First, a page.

Emergence Alumna Making a Difference: Meng Plants Seeds of Change in CBP

In the six months between finishing her Master’s Degree in Homeland Security from American Military University (AMU) in October 2022 and starting the Center for Homeland Defense and Security’s Emergence Program in June 2023, Jiaru Meng (Emergence cohort 2301) completed all of the CHDS Self-study courses whenever she had downtime. “I would say that I am good at utilizing whatever resources we have, or I [am] given,” she says.

Emergence alumna Jiaru Meng

Meng immigrated from China in 2012, following her brother and their parents. She earned a college degree before she immigrated and had always wanted to pursue higher education in the United States. Her brother is an Army veteran and a current member of the Los Angeles County’s Sheriff Department as a patrol deputy. During her brother’s job search after his service, Meng realized she could apply for a government job because she was a U.S. citizen with a college degree. She joined the Los Angeles International Airport’s Customs and Border Protection (LAX CBP) in August 2019. She found out about CHDS the same way she had discovered her AMU Master’s Program: CBP email facilitation.

She encourages her colleagues to browse the CHDS website, especially the Self-study courses, and “to read the emails of every opportunity that CBP is offering. Don’t just see it and delete it,” she said. “I read the email; now I know there was a Homeland Security major. That piece of information got me a master’s degree.”

For Meng and her brother, the opportunity to work for the government is not one they take for granted. In China, she said that avenue was not open to them “without any connection or background,” but in the United States, they have “the privilege” that “everybody has equal opportunity,” and as a result, they could “feel so much more appreciated, and my brother and I were able to get the jobs.”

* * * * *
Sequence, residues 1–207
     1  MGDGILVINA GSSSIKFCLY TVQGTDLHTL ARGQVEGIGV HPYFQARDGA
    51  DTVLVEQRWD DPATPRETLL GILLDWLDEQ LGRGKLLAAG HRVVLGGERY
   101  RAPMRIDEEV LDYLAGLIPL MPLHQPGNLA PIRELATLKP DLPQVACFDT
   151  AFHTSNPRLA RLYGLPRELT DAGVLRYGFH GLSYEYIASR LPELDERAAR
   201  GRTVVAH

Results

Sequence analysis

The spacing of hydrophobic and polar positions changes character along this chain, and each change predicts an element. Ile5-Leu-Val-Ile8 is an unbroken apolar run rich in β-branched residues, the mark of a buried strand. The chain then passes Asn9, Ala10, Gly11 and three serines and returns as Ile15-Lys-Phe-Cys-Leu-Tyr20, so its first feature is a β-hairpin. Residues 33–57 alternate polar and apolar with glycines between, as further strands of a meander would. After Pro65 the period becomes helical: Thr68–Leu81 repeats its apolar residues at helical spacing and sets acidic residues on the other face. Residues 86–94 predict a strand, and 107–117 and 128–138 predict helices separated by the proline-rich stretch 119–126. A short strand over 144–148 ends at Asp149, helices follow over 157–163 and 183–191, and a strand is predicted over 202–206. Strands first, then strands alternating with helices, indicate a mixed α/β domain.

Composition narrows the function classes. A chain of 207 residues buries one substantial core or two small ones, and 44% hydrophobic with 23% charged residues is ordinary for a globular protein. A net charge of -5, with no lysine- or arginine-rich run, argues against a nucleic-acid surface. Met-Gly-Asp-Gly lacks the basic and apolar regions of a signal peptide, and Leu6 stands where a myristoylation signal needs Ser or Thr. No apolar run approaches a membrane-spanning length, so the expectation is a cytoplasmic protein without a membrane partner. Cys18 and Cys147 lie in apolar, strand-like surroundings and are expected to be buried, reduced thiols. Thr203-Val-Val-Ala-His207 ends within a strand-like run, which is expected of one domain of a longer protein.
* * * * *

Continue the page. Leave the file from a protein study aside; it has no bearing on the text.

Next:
Her work with the LAX CBP gave her the idea for her Change Initiative. She said she was given the opportunity to work on both the field team and in the target side of operations, which helped her realize the workload was being duplicated due to a 10-year-old database that was not connected to the centralized system. “I didn’t know how to make change or how to approach or how to tell anybody,” said Meng. She knew it was not best practice though, and “after I started the Emergence Program, I had the opportunity to really dig into, ‘Okay. What is causing this? Why are we doing this?’ And how to make a change.” Meng referred to her Change Initiative as a small idea that grew into something bigger; it was an idea which was implemented thanks to teamwork and created a collective attitude of encouragement amongst her colleagues.

Meng feels fortunate, as her Change Initiative received “the full support of our management team who prioritize innovation as one of the top priorities.” This was a turning point for the team, said Meng. Her colleagues “not only lent their support but also actively participated in the implementation process. It’s truly a collaborative effort.” After the successful implementation of her Change Initiative within her agency, “I noticed a significant change in the attitude among my colleagues. They approached me with genuine curiosity and [asked] how I managed to bring such transformative change within CBP.”

While it was incredibly gratifying to have the full support of her management team, Meng is overjoyed to enjoy the camaraderie with her peers as they grow as a team, especially when they “indicate a desire to contribute their own ideas to make CBP even better. I clearly remember a colleague came to me like, ‘Hey Meng, if I ever have something, I will come to you and you help me, we’ll get another idea, another project implemented.’ Meng loves the discussion and collaboration with her team as they focus on how they create solutions. “They are thinking [about] what their idea is and what else they want me to do,” said Meng.

Meng is actively engaged in various projects aimed at driving positive change. “I learned how to pitch, how to identify the root cause of a problem, how to identify the solution, and how to work with my colleagues for the collaboration,” said Meng. She is always looking forward to the future.

INQUIRIES: Heather Hollingsworth Issvoran, Communications and Recruitment | hissvora@nps.edu, 831-402-4672 (PST)

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